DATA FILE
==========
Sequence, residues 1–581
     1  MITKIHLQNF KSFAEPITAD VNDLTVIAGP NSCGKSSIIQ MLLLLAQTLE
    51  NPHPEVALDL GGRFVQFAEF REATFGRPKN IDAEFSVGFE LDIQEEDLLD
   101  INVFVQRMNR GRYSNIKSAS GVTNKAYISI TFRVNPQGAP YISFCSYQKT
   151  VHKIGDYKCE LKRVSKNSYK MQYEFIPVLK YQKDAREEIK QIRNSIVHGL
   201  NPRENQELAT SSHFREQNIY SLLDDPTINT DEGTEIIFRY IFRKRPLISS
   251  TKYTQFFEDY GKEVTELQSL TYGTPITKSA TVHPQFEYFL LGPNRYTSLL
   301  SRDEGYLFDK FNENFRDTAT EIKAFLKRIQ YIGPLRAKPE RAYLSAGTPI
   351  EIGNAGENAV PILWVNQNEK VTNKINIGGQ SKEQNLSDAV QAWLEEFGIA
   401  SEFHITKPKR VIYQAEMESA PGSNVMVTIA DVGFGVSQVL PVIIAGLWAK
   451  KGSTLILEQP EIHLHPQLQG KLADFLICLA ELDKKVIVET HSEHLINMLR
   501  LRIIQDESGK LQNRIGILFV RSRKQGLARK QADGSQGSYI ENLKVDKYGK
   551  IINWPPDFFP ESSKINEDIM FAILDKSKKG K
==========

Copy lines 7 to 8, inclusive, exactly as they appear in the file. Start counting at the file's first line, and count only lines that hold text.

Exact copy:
   251  TKYTQFFEDY GKEVTELQSL TYGTPITKSA TVHPQFEYFL LGPNRYTSLL
   301  SRDEGYLFDK FNENFRDTAT EIKAFLKRIQ YIGPLRAKPE RAYLSAGTPI